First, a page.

How to Beat the Stigma Surrounding Mental Health


How to Beat the Stigma Surrounding Mental Health

Hey guys! I want to talk to you about a pretty important topic - mental health stigma. Tomorrow is Bell Lets Talk Day so I figured it was a perfect time to do a post on it. On Bell Let’s Talk Day, Bell will donate more towards mental health initiatives in Canada by contributing 5¢ for every applicable text, call, tweet, social media video view and use of our Facebook frame or Snapchat filter. This topic is so important because it's the stigma that keeps so many people stuck in a bad place. Addressing the stigma is the first step to improving mental health. I hid my struggles for so many years in fear that people in my life would think I’m “crazy”. Once I opened up about it I was able to start talk about it which helped me heal.

How the mental health stigma impacts struggling people

I think Mike Veny's book, Transforming Stigma: How to Become a Mental Wellness Superhero, does a great job of explaining the impact that the stigma has on people. Here is the way he describes the cycle that stigma creates:

  1. I feel ashamed because of my issues. I have had them my whole entire life and it's a burden.
  2. I don't talk about it. I don't want anyone to know about it.
  3. I isolate myself, self-harm, display suicidal tendencies, and my condition gets worse.
  4. As it gets worse, I feel even more shame and the cycle repeats itself.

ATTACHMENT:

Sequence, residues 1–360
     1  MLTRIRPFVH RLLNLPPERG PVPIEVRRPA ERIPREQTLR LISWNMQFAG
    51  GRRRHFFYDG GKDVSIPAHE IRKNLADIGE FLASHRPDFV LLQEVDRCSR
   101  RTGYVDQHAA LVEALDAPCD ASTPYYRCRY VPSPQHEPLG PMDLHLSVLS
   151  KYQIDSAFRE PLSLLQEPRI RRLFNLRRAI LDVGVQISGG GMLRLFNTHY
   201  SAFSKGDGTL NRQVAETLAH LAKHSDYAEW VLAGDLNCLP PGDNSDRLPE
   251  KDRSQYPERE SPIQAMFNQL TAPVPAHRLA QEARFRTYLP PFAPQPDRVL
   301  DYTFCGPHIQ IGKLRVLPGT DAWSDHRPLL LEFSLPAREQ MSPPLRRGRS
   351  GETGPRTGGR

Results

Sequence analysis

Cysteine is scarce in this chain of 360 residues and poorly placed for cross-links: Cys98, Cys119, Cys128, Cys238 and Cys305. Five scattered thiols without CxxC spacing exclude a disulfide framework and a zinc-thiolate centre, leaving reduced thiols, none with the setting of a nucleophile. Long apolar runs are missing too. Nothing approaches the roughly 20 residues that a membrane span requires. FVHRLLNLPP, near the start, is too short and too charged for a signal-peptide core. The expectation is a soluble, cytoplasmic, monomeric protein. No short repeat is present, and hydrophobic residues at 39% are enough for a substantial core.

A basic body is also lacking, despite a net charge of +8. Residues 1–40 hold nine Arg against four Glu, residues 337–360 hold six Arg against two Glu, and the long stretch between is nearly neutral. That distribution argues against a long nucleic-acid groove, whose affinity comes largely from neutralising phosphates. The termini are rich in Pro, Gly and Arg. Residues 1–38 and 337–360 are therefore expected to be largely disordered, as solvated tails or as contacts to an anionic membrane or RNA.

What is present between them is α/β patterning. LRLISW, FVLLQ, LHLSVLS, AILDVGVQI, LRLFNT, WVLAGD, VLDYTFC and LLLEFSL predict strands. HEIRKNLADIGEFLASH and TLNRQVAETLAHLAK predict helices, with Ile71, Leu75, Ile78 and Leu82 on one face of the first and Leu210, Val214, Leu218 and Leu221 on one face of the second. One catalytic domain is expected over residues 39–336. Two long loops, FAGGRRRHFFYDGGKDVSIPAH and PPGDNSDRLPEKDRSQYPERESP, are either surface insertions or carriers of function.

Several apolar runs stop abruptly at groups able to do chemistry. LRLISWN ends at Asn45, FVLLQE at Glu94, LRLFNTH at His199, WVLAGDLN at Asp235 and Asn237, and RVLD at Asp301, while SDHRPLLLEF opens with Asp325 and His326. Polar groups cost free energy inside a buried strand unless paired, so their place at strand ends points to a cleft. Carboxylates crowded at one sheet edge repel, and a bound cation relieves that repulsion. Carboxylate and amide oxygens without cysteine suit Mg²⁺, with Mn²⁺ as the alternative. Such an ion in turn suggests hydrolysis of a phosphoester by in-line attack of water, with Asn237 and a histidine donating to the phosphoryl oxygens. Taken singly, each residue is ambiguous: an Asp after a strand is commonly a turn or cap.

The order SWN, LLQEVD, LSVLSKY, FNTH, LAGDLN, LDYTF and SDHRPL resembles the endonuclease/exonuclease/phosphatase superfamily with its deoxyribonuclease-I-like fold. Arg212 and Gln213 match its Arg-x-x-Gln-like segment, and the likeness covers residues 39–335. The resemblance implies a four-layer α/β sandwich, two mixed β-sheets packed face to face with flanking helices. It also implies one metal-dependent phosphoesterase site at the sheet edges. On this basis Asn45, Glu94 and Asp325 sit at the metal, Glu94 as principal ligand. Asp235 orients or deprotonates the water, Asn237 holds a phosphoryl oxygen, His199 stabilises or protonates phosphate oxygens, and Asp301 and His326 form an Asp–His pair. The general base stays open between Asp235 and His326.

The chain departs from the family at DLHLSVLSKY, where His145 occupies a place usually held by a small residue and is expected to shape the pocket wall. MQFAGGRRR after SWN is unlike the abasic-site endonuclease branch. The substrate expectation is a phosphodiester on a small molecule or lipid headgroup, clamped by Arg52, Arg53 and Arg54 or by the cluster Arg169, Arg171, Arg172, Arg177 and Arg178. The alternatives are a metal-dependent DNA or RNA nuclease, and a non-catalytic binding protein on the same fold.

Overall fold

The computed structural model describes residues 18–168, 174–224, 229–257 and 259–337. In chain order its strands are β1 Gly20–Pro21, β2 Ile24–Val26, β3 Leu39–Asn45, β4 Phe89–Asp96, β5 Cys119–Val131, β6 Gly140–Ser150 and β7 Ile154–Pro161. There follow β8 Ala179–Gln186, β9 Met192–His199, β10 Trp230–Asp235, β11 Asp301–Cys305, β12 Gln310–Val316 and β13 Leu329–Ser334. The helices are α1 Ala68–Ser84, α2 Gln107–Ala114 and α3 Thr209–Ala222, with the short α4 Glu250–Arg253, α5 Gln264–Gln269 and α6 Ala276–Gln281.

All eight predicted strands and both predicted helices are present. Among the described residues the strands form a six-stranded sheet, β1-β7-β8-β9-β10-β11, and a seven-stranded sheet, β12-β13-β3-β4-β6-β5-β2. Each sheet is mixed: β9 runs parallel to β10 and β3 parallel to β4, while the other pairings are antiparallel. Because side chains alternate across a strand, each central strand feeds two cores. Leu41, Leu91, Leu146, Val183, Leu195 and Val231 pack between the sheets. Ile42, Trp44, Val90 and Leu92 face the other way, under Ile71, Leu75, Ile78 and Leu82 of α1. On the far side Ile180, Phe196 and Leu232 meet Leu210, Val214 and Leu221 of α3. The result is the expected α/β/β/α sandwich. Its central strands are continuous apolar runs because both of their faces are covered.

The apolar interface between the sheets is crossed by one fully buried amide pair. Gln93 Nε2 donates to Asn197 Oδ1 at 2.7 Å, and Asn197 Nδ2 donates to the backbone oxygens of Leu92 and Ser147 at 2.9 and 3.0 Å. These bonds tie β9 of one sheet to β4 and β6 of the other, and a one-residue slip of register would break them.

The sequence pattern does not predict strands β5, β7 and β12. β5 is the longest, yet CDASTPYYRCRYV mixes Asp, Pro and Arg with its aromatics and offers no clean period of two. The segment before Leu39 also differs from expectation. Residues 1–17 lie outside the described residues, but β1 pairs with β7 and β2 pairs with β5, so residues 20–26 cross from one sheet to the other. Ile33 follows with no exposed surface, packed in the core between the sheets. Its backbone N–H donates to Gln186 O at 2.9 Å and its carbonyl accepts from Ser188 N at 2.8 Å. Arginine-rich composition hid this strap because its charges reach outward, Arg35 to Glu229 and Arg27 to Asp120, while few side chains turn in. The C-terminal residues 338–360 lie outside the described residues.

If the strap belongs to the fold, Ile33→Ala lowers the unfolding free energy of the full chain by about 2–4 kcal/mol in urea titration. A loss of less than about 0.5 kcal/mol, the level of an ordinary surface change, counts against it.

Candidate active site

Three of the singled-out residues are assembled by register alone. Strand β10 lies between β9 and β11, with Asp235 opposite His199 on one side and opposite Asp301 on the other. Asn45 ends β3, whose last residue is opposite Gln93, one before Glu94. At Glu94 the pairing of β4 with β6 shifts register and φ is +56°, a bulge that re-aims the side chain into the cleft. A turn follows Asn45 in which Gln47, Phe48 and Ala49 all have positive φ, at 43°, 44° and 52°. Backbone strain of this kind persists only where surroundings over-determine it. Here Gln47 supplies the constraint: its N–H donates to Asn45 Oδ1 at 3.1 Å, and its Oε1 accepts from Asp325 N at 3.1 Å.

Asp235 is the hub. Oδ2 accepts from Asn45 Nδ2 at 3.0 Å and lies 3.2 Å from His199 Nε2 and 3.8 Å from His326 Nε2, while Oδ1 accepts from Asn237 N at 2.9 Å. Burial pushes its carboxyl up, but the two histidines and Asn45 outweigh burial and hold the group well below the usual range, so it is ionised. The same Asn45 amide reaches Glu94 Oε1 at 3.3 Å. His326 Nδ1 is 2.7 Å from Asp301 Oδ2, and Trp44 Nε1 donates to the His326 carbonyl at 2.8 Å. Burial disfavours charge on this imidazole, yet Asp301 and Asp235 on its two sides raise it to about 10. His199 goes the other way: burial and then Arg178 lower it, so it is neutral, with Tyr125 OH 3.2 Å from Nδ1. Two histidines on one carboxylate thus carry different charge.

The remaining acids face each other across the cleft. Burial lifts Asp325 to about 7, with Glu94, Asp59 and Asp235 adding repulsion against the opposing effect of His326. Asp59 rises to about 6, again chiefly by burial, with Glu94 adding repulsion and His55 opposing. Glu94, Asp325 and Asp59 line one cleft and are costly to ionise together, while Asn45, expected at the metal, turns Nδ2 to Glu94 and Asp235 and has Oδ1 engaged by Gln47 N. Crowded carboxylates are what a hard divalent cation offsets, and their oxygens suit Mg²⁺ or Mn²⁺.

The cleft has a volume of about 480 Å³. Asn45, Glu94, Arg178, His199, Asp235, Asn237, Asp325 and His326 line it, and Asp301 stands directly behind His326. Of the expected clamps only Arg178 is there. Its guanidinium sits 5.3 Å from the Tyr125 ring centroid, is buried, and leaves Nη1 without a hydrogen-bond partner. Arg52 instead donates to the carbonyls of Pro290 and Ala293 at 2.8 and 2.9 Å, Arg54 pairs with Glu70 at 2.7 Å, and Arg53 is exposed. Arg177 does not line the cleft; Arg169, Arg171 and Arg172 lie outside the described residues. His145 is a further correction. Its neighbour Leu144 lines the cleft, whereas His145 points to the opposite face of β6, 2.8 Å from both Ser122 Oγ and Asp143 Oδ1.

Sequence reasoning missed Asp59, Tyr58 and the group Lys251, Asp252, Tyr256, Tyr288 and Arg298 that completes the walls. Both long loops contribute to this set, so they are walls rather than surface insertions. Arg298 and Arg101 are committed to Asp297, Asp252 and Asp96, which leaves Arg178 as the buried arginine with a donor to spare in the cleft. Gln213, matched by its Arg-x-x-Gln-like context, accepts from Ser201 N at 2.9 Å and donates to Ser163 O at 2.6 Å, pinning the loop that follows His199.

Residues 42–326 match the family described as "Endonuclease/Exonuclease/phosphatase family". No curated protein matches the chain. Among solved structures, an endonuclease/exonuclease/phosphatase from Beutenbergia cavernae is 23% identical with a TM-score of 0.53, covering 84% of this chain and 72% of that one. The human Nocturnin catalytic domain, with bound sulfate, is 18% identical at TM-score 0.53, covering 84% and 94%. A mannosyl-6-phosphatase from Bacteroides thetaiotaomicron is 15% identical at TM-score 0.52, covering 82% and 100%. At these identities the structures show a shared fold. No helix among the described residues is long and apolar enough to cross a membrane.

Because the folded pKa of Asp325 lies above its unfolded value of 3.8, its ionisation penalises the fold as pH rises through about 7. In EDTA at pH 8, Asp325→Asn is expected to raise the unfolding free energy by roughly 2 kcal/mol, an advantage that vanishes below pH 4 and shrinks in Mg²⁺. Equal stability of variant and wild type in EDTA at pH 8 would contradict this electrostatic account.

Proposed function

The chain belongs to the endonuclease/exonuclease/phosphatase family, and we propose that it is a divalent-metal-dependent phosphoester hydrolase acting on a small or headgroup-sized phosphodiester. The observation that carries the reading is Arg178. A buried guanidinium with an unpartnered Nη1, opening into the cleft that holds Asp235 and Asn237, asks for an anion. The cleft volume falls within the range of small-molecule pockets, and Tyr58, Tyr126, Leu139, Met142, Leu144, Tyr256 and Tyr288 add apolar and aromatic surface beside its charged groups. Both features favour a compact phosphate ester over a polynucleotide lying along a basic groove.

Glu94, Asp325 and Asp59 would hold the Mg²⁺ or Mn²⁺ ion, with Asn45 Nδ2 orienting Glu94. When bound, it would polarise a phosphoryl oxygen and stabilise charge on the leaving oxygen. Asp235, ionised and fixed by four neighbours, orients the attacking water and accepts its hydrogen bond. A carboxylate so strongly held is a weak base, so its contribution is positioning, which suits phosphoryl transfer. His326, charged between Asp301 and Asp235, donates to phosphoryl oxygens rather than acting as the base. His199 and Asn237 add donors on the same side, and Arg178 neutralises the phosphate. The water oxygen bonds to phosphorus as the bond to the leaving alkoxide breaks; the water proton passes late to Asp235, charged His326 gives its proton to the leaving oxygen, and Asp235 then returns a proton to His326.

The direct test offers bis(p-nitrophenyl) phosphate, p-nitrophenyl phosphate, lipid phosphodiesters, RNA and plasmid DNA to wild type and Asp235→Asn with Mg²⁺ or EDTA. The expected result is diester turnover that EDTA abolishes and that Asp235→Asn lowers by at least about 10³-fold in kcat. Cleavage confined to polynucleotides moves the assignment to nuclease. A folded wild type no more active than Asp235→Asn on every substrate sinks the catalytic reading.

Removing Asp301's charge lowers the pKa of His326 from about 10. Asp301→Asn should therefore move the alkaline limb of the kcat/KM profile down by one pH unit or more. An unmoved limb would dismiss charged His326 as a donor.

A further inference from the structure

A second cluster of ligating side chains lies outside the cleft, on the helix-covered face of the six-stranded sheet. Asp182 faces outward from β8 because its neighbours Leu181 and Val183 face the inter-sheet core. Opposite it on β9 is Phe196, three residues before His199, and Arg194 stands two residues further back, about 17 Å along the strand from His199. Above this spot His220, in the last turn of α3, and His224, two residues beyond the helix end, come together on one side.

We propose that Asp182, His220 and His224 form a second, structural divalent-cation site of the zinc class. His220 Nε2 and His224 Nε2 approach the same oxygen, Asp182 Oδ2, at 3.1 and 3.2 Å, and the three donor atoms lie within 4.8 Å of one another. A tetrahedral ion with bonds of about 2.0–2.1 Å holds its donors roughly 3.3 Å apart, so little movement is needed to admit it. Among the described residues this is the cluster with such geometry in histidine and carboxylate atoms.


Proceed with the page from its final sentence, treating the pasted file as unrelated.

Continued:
And, the worst part is, I truly don't believe people in society even realize that they are contributing to the problem. There just isn't enough information out there about the mental health stigma.

So, how do we fix the mental health stigma?

There are a few ways that we can fix this problem and improve the lives of tons of people around the world:

  • Don't give into the stigma - If you are dealing with anxiety, depression, bipolar disorder, or any other mental health diagnosis, don't give into shame. Don't allow the perceptions of others stop you from getting the help you need.
  • Educate yourself - Read up on mental health, what it actually looks like, and how to help those that are struggling. The more knowledge we have the better decisions we’re able to make when dealing with people struggling with mental health challenges. I’ve had a few of my best friends read up on BP2 and anxiety so that they could try to understand it, and to know the signs of when I’m starting to go into the dark hole.
  • Let people know when they're being stigmatizing - I saw a great idea online from a woman that contacts broadcasting companies when she sees this type of behaviour on television. If you see mental health painted in an inaccurate way, don't be afraid to contact newspapers, magazines, and news stations to clear it up. 
  • Talk, talk, talk - We need to talk about mental health. A lot! If you've struggled before, share your story with others. If you haven't, ask questions. We need mental health to get into the conversation. It shouldn’t be a taboo topic.

We can truly transform our lives and the lives of others by putting an end to this stigma!

xo

Mikaela